Wednesday, August 1, 2012

Get a 25% discount on our book The Crime Numbers Game: Management by Manipulation

Recent editorial Policing by the Numbers in The New York Times



Principal Investigator: John A. Eterno, Ph.D. Molloy College
Investigator: Eli B. Silverman, Ph.D. John Jay College of Criminal Justice

Released: June 14, 2012


     Principal Investigator John A. Eterno, Ph.D. in conjunction with Eli B. Silverman, Ph.D. recently conducted an extensive survey of NYPD retirees of all ranks. The results of this new study not only completely confirm the findings of their first survey of captains and above reported in February 2010 in the New York Times (conducted in September 2008), but also provide more in depth insights into the NYPD’s performance management system (known as Compstat) which has been emulated throughout the world. These new findings clearly debunk the NYPD’s rotten apple theory of isolated crime manipulation. Instead, this survey demonstrates that the manipulation of crime reports is widespread and systemic. Furthermore the bulk of this manipulation has occurred in more recent years - from 2002 onward.
     Using innovative internet based techniques, the investigators were able to conduct the survey in March 2012 and produce preliminary results in a timely manner. The instrument was sent via e-mail to 4,069 retirees with 1,962 responses. This indicates a return rate of 48.2% considered very good for an e-mail survey of retired government employees. The large sample size adds assurance that the findings accurately reflect the experiences of retired officers. The range of respondents’ date of retirement is from 1941 to 2012. This wide range allows comparisons over three key periods: pre-Compstat, before 1995 (562 respondents); early Compstat 1995-2001 (382 respondents); the Kelly/Bloomberg era 2002-2012 (871 respondents); and the remainder not giving a retirement year.
     The characteristics of survey respondents closely mirror those of NYPD retirees. This survey includes all ranks: 10 chiefs, 36 inspectors, 63 captains, 262 lieutenants, 382 sergeants, 1,154 police officers/detectives, 3 other (52 did not indicate their rank). The number of retirees in each rank comports well with known rank distributions of the NYPD. That is, police officers/detectives are the largest group with descending counts as one goes up the ranks. Thus, as expected, there are fewer sergeants compared to police officers/detectives and so forth. Education level is also as expected: 8 percent with a high school only education (NYPD now has a 2 year education/military requirement to join), 44 percent with some college, 30 percent with a college degree, 7 percent with some graduate education, and 11 percent with an advanced degree.


     Crime statistics: Results indicate that the majority of retirees (60%) lacked confidence in the accuracy of official NYPD index crime statistics which proclaim a huge decrease of about 80 percent since 1990. Most of these respondents (89.2%) felt that crime did decrease but not to the extent claimed by NYPD management. Of those who indicated crime declined but not as precipitously as NYPD suggests, on average, felt it was about one-half of what NYPD claims. Specifically, on average, these officers felt that crime actually went down 42% in New York City. Interestingly, this comports almost exactly with the nationwide drop in crime during the same period.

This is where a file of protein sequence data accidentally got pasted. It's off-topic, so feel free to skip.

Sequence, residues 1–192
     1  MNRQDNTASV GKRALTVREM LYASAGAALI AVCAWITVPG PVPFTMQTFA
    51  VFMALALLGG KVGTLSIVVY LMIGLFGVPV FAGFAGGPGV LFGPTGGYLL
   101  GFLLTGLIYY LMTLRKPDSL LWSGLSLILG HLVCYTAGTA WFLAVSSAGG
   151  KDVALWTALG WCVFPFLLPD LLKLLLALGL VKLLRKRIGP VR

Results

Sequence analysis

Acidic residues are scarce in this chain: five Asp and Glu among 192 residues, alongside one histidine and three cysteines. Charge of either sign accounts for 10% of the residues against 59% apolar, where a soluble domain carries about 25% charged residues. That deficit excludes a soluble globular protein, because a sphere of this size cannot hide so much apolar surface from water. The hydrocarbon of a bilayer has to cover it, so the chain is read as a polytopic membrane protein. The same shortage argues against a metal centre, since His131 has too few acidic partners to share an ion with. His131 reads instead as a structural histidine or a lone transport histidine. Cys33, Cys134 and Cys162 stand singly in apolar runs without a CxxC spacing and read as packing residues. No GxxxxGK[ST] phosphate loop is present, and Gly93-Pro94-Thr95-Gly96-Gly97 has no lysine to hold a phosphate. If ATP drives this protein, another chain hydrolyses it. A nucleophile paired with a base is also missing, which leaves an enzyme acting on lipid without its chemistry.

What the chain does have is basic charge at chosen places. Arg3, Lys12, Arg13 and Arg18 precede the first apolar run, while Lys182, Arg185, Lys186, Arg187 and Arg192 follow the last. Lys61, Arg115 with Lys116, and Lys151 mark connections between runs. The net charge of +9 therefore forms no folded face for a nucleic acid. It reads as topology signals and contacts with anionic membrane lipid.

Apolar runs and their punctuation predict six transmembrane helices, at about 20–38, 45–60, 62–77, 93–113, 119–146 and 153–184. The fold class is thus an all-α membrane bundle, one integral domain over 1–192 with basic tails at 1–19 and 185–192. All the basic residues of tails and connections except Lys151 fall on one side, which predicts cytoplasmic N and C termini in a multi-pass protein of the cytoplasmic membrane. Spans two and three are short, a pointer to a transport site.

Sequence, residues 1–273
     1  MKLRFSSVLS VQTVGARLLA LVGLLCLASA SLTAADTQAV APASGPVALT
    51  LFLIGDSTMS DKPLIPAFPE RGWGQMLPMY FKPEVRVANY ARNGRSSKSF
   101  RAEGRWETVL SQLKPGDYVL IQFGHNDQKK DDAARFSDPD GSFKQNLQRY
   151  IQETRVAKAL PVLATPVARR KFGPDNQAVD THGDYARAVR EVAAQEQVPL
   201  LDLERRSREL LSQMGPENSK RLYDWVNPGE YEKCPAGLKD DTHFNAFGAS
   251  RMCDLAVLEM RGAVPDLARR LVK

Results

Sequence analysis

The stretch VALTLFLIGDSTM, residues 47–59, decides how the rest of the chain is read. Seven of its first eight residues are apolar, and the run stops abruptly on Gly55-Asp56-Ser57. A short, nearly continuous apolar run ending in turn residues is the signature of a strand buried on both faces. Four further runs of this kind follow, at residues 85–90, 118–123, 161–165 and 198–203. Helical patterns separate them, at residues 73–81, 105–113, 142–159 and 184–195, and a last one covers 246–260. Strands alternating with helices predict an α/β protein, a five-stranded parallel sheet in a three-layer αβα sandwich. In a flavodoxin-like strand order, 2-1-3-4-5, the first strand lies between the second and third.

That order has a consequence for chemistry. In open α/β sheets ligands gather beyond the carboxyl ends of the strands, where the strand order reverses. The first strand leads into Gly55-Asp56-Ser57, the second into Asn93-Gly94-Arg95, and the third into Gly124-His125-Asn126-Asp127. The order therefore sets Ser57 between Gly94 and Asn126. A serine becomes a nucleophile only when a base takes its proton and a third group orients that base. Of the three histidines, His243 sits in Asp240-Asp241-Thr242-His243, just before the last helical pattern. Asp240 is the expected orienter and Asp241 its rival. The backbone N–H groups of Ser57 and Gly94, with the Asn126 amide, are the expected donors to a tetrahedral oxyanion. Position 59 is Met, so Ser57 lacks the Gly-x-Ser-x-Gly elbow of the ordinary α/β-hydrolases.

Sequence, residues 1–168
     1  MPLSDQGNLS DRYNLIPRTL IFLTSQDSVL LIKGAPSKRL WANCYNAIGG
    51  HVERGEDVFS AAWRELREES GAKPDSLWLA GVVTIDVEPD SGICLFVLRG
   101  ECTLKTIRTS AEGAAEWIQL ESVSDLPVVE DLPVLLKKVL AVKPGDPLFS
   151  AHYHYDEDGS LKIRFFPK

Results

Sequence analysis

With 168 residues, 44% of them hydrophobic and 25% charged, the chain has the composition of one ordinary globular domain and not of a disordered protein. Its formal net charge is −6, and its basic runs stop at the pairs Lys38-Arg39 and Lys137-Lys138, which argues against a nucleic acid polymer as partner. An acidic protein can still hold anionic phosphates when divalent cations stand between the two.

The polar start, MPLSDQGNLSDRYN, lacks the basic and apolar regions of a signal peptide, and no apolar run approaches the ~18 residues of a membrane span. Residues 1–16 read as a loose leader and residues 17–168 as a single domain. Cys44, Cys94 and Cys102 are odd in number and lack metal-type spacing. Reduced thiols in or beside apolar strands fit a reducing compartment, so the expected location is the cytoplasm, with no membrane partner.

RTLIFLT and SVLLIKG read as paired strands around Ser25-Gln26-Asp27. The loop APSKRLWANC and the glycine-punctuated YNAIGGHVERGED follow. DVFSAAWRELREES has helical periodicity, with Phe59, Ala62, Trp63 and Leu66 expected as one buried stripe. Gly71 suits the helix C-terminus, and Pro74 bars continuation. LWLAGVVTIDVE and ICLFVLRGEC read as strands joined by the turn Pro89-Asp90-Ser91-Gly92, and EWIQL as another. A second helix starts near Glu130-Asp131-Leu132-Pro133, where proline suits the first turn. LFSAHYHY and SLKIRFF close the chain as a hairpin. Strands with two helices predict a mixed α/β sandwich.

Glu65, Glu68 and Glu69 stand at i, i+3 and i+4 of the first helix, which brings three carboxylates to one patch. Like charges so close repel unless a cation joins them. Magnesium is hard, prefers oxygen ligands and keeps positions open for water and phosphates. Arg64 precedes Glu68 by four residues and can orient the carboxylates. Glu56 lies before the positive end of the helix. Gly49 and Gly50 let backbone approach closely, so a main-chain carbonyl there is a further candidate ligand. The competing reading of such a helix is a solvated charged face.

Pressure from management/supervisors: Officers were also asked to gauge the levels of pressure they felt from management/supervisors. They were asked to base their answers on their personal experiences/knowledge. With respect to pressure to increase summonses, increase stop and frisk, increase arrests, decrease index crime, and downgrade index to non-index crime, there is a clear pattern that completely corresponds with our previous research. Namely pressures were greatest for every variable for officers who worked during the Compstat era. Thus, results indicate that pressures significantly increased from 1995 to 2001 (the Giuliani years). In this study we were able to parse out the effect of those who worked 2002 and onward. Importantly, we also find that the pressure markedly increases from 2002 onward to much higher levels. Thus there is increasing pressure in the Compstat era and then significantly added pressure in the current era. This is clearly demonstrable throughout the data.
     We also note that the pattern is similar when it comes to protecting Constitutional rights and ensuring crime statistics are accurate. For these variables, however, we see the least pressure to obey the law and accurately report statistics in the current era (the Bloomberg/Kelly years). We do note that initially during Compstat’s first years, these percentages were favorable. This precisely substantiates our long standing position - that Compstat was initially a positive development but morphed into a “numbers game.” Every indicator supports our basic theme.
     Importantly, we observe that the increase in stop and frisks is particularly strong ranging from about 9 percent before Compstat to over 35 percent feeling high pressures in the current Kelly/Bloomberg era. Additionally, we note that downgrading is itself suspect activity. While there was a modest increase at the beginning of Compstat, it appears that the bulk of downgrading pressures are more current. The large percentage indicating high pressure to downgrade has grown astoundingly to nearly 40% in the current era. This is a major concern. Combined with these facts are the weakest pressures to accurately report crime statistics and obey legal restrictions in the current era. We now specifically examine crime report manipulation.